Exploring the history of Phoenix, Arizona, just for fun. Advertising-free, supported by my patrons on Patreon. Thank you!

Is it Grand Canyon or the Grand Canyon?

As someone who is learning about Arizona history, I try to get the names right. And that includes subtle details like whether or not the word "the" is used. I've seen the word "Grand" used a lot in Arizona, as in Grand Canyon, Grand Avenue, and Grand Canal. And I've wondered if it it should be the Grand Canyon, the Grand Avenue, and the Grand Canal? I'll tell you what I've found out.

1944 Grand Avenue crossing on Grand Canal, Phoenix, Arizona.

Even in old documents, I've seen "Grand Canyon" and "the Grand Canyon" used. The same with Grand Canal and the Grand Canal. I've never seen the Grand Avenue, but streets aren't typically called "the" (although freeways are).

On the Grand Canal in 1896, Phoenix, Arizona

If I'm writing about the history of Phoenix, I like to say "Grand Canal", as in "the pioneers finished Grand Canal in 1885". To me it just sounds more, well, grand. Or I would write "the pioneers traveled up to Grand Canyon by mule". But in real life it sounds kinda pretentious to me, so I'd say, "the store is just north of the Grand Canal" or "I'm hoping to get up to the Grand Canyon this summer". Of course I'd never add the word "the" to Grand Avenue - that's just weird. I will, of course, say "the I-17 freeway".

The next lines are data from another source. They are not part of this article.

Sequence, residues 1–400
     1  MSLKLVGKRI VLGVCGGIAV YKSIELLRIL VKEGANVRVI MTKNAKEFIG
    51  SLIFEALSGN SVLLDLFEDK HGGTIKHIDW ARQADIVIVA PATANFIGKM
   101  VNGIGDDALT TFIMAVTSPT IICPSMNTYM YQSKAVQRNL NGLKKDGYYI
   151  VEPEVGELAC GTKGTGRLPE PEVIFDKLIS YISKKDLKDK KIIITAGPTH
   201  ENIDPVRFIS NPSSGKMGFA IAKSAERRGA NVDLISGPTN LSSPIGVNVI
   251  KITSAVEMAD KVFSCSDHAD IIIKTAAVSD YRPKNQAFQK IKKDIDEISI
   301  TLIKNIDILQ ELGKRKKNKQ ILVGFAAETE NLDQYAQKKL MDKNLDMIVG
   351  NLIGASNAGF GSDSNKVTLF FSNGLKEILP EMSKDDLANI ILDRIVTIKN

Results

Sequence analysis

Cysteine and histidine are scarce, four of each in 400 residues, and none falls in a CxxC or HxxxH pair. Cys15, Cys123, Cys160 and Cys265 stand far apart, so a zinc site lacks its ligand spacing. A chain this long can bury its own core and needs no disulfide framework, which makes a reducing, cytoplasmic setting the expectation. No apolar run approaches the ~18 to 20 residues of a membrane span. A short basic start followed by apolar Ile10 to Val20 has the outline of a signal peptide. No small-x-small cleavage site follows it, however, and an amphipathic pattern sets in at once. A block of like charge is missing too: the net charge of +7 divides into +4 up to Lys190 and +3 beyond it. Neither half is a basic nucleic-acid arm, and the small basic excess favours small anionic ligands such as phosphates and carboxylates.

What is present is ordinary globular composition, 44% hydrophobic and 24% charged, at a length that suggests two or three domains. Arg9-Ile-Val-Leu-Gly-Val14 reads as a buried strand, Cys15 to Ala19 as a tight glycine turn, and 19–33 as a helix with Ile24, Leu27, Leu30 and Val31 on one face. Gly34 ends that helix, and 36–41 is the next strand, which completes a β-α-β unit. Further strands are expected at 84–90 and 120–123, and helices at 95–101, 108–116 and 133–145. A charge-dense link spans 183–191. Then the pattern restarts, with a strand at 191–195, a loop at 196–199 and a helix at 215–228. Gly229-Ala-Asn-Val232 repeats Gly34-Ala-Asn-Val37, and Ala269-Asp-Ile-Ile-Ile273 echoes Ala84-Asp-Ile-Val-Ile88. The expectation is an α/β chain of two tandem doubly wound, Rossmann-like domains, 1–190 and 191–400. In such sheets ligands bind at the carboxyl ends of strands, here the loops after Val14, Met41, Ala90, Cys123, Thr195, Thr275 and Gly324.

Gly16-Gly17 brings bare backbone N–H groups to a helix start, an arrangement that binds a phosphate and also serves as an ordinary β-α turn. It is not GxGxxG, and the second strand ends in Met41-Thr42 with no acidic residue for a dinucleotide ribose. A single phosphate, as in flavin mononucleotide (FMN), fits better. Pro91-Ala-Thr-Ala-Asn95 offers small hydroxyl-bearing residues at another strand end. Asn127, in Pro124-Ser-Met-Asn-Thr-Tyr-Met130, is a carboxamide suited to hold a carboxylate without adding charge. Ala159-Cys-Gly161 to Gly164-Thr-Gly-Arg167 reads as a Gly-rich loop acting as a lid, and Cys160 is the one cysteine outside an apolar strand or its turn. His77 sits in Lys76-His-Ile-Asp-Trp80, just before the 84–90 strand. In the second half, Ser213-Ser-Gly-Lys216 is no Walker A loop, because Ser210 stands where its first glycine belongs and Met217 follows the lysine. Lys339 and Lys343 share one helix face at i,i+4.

So that's what I know - either one seems to be fine. Of course there will be people who insist one way or another, and I respect that. But in usage over the years, it's fine to use the "the" or to drop it. Either way is Grand.

Image at the top of this post: 1909 railroad ad mentioning the only line to the Grand Canyon. Some might have insisted that it's not "the Grand Canyon" - it's "Grand Canyon"

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